A Beginner’s Guide to Leaner CSS

Don’t repeat yourself (DRY). It’s a simple concept with the ability to completely change the way you write code. If I look back to my early days with CSS though, I don’t think the concept meant much to me. Sure, all right, don’t repeat myself, thanks for the advice. How does that translate to applicable advice though?

Today we’re going to look at the very core concepts for how to rethink the CSS you’ve been writing by trimming the fat and reducing the redundancy. The result will be leaner CSS that’s easier to author and maintain.

Where I Think You Are

This article isn’t for the guy who spends his days trolling through web development blogs for a chance to leave comments and show off how much more he knows that everyone else. If you’re already a CSS genius, go write a book.

Instead, I’m writing this for the masses of developers who are finally beginning to get the hang of this CSS thing. You’ve been styling websites for a year, maybe two and you’re ready to take a step beyond how to write effective code and learn how to write efficient code.

“You’re ready to take a step beyond how to write effective code and learn how to write efficient code.”

Just like me at this point in my career, you’ve heard the jargon plenty of times but have yet to experience that “click” where suddenly writing efficient CSS makes sense. Hopefully, we’ll find that click today.

Sass @extend

Don’t freak out. We’re going to talk about a preprocessor. Don’t worry, I’m not going to demand that you use one or turn this entire piece into a Sass tutorial rather than a CSS tutorial. We’re going to learn how to write plain old CSS in a more efficient way.

“Don’t freak out. We’re going to talk about a preprocessor.”

That being said, Sass, for all of its complexities, actually utilizes selector inheritance in a much easier manner to wrap your mind around than CSS. It’s a very straightforward and linear process that makes the concept of not repeating yourself incredibly easy to grasp. Let’s take a look.

Three Boxes

To see how this works, imagine that you had three very similar but still distinct classes. Here’s an example with the classes “box,” “bigbox,” and “smallbox” (hopefully your class names are a little more specific).

As you can see, all three of the boxes require the same basic styles, but the size for each is different so we do in fact require three separate classes. Still, all this redundancy is no good.


So how do we DRY this up? That’s where the Sass @extend feature comes in. Check it out:

See what happened here? Even if you know nothing of Sass, this code is pretty easy to understand. Essentially, rather than writing the same properties over and over again with the same values, we can use @extend to say “Hey, just grab the code from the box class.” We then go on and only define the properties that require changing.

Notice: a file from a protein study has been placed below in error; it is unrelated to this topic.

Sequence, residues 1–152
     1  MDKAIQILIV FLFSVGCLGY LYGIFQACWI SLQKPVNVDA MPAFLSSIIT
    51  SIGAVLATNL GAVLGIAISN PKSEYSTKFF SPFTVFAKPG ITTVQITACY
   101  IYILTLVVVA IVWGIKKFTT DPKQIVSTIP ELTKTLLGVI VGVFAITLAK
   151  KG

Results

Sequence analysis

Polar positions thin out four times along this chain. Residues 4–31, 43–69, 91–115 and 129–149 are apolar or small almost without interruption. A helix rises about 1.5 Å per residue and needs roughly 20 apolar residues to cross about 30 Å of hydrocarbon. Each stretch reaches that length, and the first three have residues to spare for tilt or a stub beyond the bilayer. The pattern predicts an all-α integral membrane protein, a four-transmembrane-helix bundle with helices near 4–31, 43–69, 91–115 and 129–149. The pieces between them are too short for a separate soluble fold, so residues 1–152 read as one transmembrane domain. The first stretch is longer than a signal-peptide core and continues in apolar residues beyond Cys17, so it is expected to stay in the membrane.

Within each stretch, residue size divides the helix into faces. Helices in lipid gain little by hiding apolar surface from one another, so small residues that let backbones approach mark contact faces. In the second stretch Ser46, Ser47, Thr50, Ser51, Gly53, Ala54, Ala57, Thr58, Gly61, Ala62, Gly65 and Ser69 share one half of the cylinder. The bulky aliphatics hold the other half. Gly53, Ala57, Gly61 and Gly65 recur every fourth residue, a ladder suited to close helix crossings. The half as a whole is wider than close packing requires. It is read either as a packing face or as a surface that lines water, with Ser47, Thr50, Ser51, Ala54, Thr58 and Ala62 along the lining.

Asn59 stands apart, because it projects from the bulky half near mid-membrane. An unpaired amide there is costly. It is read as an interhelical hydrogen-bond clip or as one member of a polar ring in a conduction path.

The resulting code is shorter and more concise while not sacrificing readability. Unfortunately, this is Sass and the @extend feature doesn’t exist in plain old CSS.

Learning From the Sass Output

So what was the point of the big Sass lesson if we can’t use @extend in CSS? The thing to remember is that the ultimate product of Sass, LESS and any other preprocessor is plain Jane CSS. So if Sass is indeed working any magic in the actual output, we should be able to spot it.

Let’s see how it handled turning those @extends into CSS:

Aha! This code is much more concise than our original concept and yet it’s still pure CSS. The @extend feature is actually smart enough to output lean CSS through the use of grouped selectors, which are separated by commas.

Through @extend, we pointed Sass to the redundancies in our code and it thew them all into a single rule. After this, we defined the other classes using only the code that needed to be differentiated.

Skipping Sass

The great lesson to learn here is that you don’t need a preprocessor to do all of this work for you. You can skip Sass altogether and simply write clean, concise code in the first place (though I personally still think Sass is the bees knees). It may not be as intuitive, but once you get the hang of spotting redundancy, it becomes a pretty easy task.

The important lesson for me was that I might not necessarily realize that I’m coding sloppily as I’m experimenting with different ideas in my code, and that’s ok! Coding like this from the start is something that comes with experience. In the mean time, just be sure to get one simple principle into your head: you’re not finished simply because everything works!

“Get one simple principle into your head: you’re not finished simply because everything works!”